He loved lobster, croissants, Paris, Quebec, speaking French, reading the Greek philosophers, sci-fi movies, Bennie Hill, large dogs, and his family. There was very little about the world, history, or politics that he did not know. For the past several decades, he met his friends, Lenny and Jay for lunch, jokes and political talk just about every Saturday. His baby granddaughter was making her entrance into the world at the very moment he departed.
Surviving him in addition to his beloved wife, Ann, are his children John (Jeanne Palanza) of North Andover, Madeleine (John Roper) of Sandy, Oregon, Will (Maria Dizzia) of Brooklyn, NY, and brand-new granddaughter, Albertine Eno. His brother, Paul A. (Janice) Eno of Taunton, MA, and dozens of nephews, nieces, grandnephews and grandnieces, each of whom he adored. He was predeceased by his beloved sister, Jacqueline.
This obituary was published in the Lowell Sun August 9-10, 2014.
Restoration of Canal Museum seeks to preserve a part of history (June 14, 2014, Billerica Minuteman)
Events from Previous Years
Sun, Oct 5, 2014. Bicycle Tour of the Historic Middlesex Canal. MassBike, the Somerville Historic Preservation Commission, the Middlesex Canal Commission and the Middlesex Canal Association will sponsor the 12th annual bicycle tour of the canal which was the “big dig” of late 18th century Massachusetts. Completed in 1803 after 10 years of construction, the Canal connected the Merrimack River, west of what is now Lowell, with the Charles River at Sullivan Square in Charlestown. The Canal provided passenger and freight service for 50 years. It pioneered many innovations and in many ways served as a model for later canals, notably including the Erie Canal.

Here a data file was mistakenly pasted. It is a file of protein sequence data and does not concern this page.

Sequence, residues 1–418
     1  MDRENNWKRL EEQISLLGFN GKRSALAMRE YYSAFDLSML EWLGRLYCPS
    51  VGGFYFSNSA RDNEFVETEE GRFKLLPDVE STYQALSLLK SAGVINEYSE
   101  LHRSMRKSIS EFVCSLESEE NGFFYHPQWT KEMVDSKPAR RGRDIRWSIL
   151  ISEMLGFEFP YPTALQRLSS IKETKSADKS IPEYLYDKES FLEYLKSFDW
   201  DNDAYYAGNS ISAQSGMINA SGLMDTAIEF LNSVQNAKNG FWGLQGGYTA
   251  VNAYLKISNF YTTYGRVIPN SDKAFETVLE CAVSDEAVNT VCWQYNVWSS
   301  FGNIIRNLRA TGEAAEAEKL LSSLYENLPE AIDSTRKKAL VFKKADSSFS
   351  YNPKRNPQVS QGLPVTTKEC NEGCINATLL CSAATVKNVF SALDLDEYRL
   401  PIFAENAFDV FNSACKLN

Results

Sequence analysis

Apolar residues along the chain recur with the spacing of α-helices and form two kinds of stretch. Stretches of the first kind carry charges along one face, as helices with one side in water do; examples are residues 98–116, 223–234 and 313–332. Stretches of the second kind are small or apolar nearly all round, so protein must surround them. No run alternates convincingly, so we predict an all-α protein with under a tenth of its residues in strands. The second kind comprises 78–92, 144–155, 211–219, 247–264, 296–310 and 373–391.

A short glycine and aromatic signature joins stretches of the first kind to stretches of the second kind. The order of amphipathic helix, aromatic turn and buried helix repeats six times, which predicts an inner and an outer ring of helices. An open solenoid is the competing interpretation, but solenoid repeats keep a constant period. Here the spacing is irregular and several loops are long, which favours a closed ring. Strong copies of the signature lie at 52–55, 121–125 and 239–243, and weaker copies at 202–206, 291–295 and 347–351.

We will meet at 9:00am by the Canal marker at the Sullivan Square MBTA station. From there we will ride about 28 miles to the Mill Village and Canal Museum by the Concord River Millpond in North Billerica. We’ll stop for lunch in Woburn, so please bring a lunch. We should get to North Billerica in time for anyone who wants to catch the 3:07pm train back to Boston. The ride will then follow the northern section of the Canal another 10 miles to Lowell in time to catch the 5:00pm train back from there.
The ride will be an easy one for most cyclists; the route is pretty flat and we will average 5 miles per hour. Along the way we will stop at: several canal remnants and restored sections; the Mansion of Loammi Baldwin, chief engineer for the Canal (for whom the Baldwin apple is named, discovered during an early canal survey); the two remaining aqueducts (which carried the Canal over rivers and brooks); and the northern end of the floating towpath that enabled horses to tow boats across the Concord River.